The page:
Today's homily is more of a short reflection than a homily, as today's circumstances are very different to normal. Right now I am with friends in Venice, SW Florida, as we await the full wrath of hurricane Irma. As of now we just have strong winds and rain, but by midnight tonight we are due to have the full force of the hurricane. People are scared, wondering what will happen. Many have already had to evacuate, not sure if they will have a house to return to, including me, as my house is close to the Caloosahatchee river, which could well overflow and burst its banks. Time will tell.
The Gospel that comes to my mind is the Gospel of Mark 4: 34-40. Jesus is out with the Apostles in a boat and a storm breaks out. The sea of Galilee is known for sudden storms. The boat begins to take water and they are terrified that they will drown. Jesus is asleep in the stern. The Apostles wake him and say 'Teacher, do you not care that we are perishing?' Jesus gets up and rebukes the wind and sea and all becomes completely calm. The Apostles are left speechless and say, 'Who then is this whom even wind and sea obey?' It is a powerful image and even more so if you have seen the power of the sea in a storm.
For all the wonderful advances in technology that we have, it doesn't take long for mother nature to remind us just how small and mortal we are. When nature's forces awaken, all we can do is get out of the way. I believe that this can be a good thing. Depending on where we live, we can develop a false sense of security, especially in the developed parts of the world. Thank God we have all that we have, but when you think about it, there are so many parts of the world where they have to face natural disasters far more often and they are not half as well equipped as we are, but they manage. To be exposed to this reality can be healthy, in the sense that it brings up the bigger questions that we prefer to avoid: why am I here? what if I die? what happens then? Although these are scary questions which usually only arise when the reality of death seems closer than normal, it is also important that we address them. Otherwise we can lose sight of why we are here and get immersed in the world in an unhealthy way.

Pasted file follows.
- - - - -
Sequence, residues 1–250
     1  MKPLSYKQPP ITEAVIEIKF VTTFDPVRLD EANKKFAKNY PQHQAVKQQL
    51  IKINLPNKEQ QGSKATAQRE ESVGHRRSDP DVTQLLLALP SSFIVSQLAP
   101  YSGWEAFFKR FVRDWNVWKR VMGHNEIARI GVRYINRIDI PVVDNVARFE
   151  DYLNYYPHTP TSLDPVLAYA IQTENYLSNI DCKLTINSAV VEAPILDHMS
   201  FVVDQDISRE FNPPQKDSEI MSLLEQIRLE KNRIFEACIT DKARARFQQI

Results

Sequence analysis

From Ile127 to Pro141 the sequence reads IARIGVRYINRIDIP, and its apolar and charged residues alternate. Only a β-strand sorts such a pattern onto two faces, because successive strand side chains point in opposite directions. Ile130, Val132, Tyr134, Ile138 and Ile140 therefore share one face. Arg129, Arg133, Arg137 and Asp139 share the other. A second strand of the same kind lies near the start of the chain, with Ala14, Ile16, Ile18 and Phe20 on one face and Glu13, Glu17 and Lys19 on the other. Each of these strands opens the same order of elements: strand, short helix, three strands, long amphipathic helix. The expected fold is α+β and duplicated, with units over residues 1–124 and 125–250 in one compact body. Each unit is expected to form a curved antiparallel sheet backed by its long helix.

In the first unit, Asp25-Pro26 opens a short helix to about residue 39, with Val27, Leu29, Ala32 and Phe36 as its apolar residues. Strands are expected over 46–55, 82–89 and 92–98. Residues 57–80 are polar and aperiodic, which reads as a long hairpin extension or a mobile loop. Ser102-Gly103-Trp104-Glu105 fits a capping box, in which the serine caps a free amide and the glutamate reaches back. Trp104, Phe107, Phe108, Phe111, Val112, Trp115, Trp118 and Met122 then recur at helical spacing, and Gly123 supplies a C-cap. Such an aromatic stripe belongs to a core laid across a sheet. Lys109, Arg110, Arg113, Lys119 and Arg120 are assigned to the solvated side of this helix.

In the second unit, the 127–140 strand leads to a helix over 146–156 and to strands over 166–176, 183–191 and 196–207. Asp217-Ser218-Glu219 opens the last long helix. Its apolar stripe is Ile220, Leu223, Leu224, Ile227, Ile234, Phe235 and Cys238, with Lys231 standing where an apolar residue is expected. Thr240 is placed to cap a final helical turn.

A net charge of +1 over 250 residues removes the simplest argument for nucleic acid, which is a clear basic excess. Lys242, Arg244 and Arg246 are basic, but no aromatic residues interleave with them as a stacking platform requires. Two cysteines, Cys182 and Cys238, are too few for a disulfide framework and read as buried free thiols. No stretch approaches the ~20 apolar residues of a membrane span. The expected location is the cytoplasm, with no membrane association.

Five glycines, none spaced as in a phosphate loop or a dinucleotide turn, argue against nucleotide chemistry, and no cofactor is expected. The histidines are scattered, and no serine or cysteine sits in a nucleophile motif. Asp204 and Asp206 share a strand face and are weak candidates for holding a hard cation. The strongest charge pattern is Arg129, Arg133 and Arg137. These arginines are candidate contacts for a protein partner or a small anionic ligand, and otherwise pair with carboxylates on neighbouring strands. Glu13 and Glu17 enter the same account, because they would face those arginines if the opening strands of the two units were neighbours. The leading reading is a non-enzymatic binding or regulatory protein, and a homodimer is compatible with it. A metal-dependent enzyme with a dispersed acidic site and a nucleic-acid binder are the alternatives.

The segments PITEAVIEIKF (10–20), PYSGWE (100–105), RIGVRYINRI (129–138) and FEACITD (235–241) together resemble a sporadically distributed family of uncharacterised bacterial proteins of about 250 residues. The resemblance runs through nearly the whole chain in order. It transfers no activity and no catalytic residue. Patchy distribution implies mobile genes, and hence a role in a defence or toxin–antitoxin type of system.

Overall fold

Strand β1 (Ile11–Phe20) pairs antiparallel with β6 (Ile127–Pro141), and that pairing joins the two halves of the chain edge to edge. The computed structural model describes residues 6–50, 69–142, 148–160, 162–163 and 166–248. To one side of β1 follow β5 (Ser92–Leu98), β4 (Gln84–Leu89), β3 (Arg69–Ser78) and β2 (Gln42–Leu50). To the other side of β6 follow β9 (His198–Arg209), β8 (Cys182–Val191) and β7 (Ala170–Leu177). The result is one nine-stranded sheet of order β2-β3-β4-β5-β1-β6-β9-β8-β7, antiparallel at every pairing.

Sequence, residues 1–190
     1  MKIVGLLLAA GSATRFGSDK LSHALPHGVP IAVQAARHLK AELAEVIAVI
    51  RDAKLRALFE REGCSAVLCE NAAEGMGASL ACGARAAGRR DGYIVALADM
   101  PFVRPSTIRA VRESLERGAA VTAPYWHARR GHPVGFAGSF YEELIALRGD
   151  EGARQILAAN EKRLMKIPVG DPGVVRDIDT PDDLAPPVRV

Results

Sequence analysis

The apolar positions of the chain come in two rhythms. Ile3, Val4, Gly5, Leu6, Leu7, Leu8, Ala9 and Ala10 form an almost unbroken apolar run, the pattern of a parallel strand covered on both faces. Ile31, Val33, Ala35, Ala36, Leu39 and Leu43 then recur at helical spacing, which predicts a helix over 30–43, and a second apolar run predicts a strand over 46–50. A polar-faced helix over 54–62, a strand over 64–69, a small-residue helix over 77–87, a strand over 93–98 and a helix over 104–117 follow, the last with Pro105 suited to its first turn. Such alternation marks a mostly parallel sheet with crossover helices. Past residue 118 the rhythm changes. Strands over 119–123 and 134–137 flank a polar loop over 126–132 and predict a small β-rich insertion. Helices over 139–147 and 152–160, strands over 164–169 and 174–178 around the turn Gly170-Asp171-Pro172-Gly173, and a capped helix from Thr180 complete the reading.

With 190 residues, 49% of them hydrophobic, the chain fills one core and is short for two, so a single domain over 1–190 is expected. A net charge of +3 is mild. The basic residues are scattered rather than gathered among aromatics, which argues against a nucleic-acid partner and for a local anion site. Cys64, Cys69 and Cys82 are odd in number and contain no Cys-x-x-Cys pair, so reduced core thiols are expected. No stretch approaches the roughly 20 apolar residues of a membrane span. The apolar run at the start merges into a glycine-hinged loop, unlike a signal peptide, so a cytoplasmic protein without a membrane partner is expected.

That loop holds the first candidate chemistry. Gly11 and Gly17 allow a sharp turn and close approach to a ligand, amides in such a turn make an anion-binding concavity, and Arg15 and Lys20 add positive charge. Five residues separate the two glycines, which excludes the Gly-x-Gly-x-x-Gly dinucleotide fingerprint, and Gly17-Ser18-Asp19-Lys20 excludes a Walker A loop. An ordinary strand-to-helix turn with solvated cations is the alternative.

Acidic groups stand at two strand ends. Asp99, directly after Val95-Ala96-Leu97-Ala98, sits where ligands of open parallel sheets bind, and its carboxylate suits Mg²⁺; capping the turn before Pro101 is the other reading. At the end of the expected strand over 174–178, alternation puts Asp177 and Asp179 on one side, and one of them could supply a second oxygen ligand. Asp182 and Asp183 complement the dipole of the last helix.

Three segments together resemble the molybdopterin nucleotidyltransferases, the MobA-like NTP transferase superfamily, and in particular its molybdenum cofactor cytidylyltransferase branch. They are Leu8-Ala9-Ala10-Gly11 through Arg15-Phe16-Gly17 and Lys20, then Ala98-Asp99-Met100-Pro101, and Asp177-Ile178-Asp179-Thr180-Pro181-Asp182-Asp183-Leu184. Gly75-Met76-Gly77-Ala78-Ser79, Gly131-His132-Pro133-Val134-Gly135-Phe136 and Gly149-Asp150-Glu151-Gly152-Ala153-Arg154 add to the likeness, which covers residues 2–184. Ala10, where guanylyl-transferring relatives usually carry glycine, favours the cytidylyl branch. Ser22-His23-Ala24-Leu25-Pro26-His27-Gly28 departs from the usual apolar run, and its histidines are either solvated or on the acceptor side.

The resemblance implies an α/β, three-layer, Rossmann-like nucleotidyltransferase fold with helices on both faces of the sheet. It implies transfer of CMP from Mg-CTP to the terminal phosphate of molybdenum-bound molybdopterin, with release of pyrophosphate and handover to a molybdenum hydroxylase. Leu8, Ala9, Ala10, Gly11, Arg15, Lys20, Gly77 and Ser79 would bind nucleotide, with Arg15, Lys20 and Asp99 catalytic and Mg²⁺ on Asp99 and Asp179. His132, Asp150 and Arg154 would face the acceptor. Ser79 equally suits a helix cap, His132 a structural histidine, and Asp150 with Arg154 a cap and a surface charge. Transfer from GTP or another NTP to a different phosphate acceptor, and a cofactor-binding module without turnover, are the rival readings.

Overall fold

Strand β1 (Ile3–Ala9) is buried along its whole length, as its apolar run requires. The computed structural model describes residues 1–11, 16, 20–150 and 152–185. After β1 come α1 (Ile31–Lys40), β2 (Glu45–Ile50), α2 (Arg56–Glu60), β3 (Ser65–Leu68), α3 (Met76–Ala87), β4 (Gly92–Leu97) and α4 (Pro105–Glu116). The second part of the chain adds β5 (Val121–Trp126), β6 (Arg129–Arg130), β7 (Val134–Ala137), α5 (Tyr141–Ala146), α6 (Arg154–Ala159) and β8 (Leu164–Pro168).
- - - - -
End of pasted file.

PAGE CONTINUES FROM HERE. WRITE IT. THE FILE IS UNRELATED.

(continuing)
The reality is that we only have a short time in this world and there is a reason why we are here. We are created out of love and we are created to love and serve. That is the purpose of our life. As we grow, we learn about what it means to love and serve, the sacrifices, the joys and pains, but we must also choose to love. This learning is part of what our life is about. Sometimes it is only in a crisis, when someone we love becomes sick or dies, or faced with a natural disaster, that we wake up to this reality. In times of crisis, the things of importance come to the surface and the worldly things disappear into insignificance. Times of crisis also bring great goodness out of people. Humanity shines.
So as we await this great storm, I give thanks to God for this reminder to us all of what we are about. Please God we will all come through it with a greater sense of purpose and even if we do lose our church or our homes it will be painful, but we will still have each other and we will manage. Thank you Jesus for everything.